PRESIDENT: SIR ANDREW DAVIS CBE
Vaughan Williams with Ursula. ©Vaughan Williams Foundation
The life and music of Ralph Vaughan Williams
A brief exploration
The Later Years
In June 1947, Vaughan Williams received a request from Ernest Irving for music to a new film on the fateful expedition of Captain Scott to the Antarctic. Not surprisingly, the subject appealed strongly. He admired the bravery of the team even if inefficiencies in the organisation infuriated him. The score was finished in April 1948 and the film, directed by Charles Frend, appeared in December 1948, with John Mills memorable in his understated portrayal of Scott. Vaughan Williams then felt that the music could be reforged into a symphonic whole and the Sinfonia Antartica was completed in 1952. This, his seventh symphony, was first performed by Sir John Barbirolli and the Hallé Orchestra, with Margaret Ritchie singing the wordless soprano part, on 14 January 1953.
Photograph by Yousuf Karsh.
© Kind permission of the Karsh family
Vaughan Williams’ “Morality” on John Bunyan’s The Pilgrim’s Progress was largely completed by 1949. Covent Garden wanted to mount a production of the opera as part of the Festival of Britain in 1951. The first performance duly took place on 26 April of that year, conducted by Leonard Hancock, a young conductor on the staff at the Royal Opera, and produced by Nevill Coghill, an Oxford academic. Arnold Matters sang Pilgrim. Although the music was much admired, doubt was expressed after the first performance about the suitability of the opera for staging. Vaughan Williams insisted that it must remain a work for the theatre, not the cathedral. Nevill Coghill’s production was felt by Hubert Foss to be “grotesquely out of date”. The relative failure of Vaughan Williams’ long-cherished work undoubtedly hurt the composer: “They don’t like it, and perhaps never will like it, but it’s the sort of opera I wanted to write, and there it is.”
In February 1954, Cambridge University made amends to Vaughan Williams for the deficiencies of the Royal Opera production. With Dennis Arundell as producer, John Noble as Pilgrim and the orchestra conducted by Boris Ord, the work was widely admired. Ursula Vaughan Williams has said that no other service to his music gave him more satisfaction than this University production of his beloved Pilgrim’s Progress.
Adeline’s health, not strong for over thirty years, had by 1950 deteriorated badly. She died on 10 May 1951 at the age of eighty. Vaughan Williams’ own eightieth birthday occurred on 12 October 1952. His old friend, the Cambridge historian G.M. Trevelyan, wrote: “All England is rejoicing over your birthday…”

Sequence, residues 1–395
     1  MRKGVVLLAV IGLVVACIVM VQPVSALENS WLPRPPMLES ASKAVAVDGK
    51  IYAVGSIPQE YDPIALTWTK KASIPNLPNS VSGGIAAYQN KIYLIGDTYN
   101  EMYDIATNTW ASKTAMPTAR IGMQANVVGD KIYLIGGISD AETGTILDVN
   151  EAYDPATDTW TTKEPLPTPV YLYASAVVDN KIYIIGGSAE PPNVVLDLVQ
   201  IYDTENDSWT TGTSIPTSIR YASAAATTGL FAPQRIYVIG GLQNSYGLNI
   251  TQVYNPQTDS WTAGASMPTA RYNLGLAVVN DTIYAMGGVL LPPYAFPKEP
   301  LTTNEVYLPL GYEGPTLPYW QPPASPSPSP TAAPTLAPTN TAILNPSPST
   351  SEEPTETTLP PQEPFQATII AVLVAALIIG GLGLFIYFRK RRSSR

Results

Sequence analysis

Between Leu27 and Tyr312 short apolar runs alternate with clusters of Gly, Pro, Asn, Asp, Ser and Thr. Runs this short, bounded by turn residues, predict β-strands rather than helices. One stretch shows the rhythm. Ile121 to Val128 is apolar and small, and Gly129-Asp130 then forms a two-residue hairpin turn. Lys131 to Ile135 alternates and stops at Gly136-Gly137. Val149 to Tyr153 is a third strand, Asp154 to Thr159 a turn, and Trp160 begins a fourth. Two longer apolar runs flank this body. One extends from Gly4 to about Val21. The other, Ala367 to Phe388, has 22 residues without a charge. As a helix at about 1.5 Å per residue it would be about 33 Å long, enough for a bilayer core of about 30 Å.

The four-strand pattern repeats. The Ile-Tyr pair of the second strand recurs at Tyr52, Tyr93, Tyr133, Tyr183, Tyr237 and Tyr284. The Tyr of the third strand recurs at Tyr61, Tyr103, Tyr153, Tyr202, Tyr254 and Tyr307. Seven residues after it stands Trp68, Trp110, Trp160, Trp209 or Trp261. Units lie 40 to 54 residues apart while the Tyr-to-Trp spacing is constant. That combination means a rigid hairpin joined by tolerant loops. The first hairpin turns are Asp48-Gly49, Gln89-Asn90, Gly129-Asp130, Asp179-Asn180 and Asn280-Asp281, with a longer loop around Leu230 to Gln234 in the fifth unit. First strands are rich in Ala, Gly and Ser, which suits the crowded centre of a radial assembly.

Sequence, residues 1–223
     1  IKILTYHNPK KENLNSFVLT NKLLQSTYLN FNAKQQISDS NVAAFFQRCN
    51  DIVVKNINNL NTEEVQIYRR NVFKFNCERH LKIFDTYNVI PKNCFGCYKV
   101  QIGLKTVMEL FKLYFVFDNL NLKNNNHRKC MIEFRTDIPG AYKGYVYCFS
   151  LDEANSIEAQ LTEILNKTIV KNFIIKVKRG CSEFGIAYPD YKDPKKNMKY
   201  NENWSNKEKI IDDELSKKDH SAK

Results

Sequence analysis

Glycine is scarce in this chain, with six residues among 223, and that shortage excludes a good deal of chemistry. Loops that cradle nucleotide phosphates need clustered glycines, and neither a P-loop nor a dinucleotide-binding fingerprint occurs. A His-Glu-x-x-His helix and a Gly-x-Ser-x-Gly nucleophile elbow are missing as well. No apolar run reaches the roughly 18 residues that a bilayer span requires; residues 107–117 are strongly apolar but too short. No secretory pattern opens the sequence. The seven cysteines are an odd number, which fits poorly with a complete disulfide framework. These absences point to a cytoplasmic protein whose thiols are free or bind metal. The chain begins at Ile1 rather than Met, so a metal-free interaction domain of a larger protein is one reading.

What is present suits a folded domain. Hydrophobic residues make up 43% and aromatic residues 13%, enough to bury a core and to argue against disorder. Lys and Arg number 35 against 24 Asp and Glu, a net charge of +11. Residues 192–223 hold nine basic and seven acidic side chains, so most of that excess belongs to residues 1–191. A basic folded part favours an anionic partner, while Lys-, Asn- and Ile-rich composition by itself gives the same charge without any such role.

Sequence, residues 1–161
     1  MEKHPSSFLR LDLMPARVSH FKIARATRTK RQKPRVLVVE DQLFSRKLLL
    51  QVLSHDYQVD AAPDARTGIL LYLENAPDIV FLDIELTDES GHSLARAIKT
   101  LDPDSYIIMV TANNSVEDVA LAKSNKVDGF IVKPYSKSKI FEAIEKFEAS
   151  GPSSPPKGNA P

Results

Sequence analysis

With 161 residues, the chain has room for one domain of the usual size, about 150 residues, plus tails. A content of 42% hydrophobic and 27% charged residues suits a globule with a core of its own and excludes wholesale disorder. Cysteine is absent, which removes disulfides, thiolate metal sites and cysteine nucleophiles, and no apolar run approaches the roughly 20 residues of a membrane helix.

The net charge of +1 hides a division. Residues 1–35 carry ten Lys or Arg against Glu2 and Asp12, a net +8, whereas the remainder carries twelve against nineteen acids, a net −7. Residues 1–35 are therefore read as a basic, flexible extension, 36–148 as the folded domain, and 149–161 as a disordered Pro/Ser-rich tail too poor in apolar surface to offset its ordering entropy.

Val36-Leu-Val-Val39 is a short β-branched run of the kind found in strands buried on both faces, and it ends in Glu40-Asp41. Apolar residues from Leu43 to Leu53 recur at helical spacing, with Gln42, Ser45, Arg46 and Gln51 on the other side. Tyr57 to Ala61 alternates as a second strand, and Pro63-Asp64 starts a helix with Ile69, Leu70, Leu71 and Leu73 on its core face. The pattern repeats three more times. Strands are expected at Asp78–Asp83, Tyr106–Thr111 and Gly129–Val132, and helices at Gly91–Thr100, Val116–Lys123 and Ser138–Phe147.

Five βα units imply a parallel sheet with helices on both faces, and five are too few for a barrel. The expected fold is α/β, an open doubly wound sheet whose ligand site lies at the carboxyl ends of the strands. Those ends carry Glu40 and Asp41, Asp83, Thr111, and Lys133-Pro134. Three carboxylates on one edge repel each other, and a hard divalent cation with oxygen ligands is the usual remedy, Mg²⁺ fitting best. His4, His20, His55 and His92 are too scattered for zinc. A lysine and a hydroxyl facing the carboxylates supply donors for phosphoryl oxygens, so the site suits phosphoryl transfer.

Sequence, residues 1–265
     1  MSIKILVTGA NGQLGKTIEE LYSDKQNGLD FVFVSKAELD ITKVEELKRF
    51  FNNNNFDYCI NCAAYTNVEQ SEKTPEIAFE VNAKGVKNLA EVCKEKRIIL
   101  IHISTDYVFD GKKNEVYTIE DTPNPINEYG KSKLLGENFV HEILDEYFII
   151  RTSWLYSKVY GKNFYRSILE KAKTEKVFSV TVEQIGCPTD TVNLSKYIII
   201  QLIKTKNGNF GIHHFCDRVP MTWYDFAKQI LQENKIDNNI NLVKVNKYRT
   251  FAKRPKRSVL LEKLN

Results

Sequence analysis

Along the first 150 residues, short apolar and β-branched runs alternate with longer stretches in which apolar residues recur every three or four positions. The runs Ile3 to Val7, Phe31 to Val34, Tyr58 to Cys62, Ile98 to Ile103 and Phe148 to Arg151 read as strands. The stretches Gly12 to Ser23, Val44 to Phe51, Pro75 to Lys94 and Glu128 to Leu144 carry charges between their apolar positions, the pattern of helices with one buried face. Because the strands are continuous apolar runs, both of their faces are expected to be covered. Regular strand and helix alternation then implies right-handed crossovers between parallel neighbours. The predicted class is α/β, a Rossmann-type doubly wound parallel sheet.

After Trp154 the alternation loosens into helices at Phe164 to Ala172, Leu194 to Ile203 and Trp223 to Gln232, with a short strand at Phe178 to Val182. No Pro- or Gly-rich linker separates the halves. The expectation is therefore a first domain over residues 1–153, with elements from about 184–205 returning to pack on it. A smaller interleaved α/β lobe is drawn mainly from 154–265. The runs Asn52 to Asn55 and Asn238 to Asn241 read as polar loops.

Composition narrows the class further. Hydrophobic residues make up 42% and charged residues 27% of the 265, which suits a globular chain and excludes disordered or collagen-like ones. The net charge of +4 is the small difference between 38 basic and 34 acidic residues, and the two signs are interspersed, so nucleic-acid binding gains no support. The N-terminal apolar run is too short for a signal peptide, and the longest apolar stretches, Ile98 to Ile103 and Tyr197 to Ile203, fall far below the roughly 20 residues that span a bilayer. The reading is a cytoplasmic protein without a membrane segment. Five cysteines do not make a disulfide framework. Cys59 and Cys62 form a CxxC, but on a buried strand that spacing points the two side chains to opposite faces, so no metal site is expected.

Vaughan Williams and Ursula Wood were married in February 1953
Ralph and Ursula Wood were married on 7 February 1953 at St. Pancras Vestry Chapel in London. Ralph’s best man at the wedding was Sir Gilmour Jenkins, a senior civil servant (Permanent Secretary of the Ministry of Transport) who had sung Pilate in Dorking performances of Bach’s St. John Passion. The couple moved to 10 Hanover Terrace, Regent’s Park. They took the house on a twenty-one year lease, which the eighty year-old composer felt was too short!
In 1952 Vaughan Williams told Ursula that he was writing another Christmas work. This was Hodie (This Day), a cantata for soprano, tenor, baritone, chorus and orchestra. Ursula assisted the composer with the choice of texts, which included George Herbert and — most memorably — Thomas Hardy’s sublime The Oxen. Ursula also contributed to the text, following on from their collaboration, Silence and Music, for the 1953 Garland for the Queen. Hodie was dedicated to Herbert Howells and was first performed at the Three Choirs Festival in Worcester on 8 September 1954. Howells said: “Nothing has ever touched me more than this dedication.”
Ralph and Ursula had taken a holiday in Italy in 1953 and decided in 1954 to visit America. Vaughan Williams took up a visiting professorship at Cornell University and Keith Falkner, a friend on the faculty at the University, arranged for him to undertake a lecture tour across America. Just before leaving America, Vaughan Williams received the Howland Prize and Medal at Yale University. He was only the third composer to receive this award, following Holst in 1925 and Hindemith in 1940.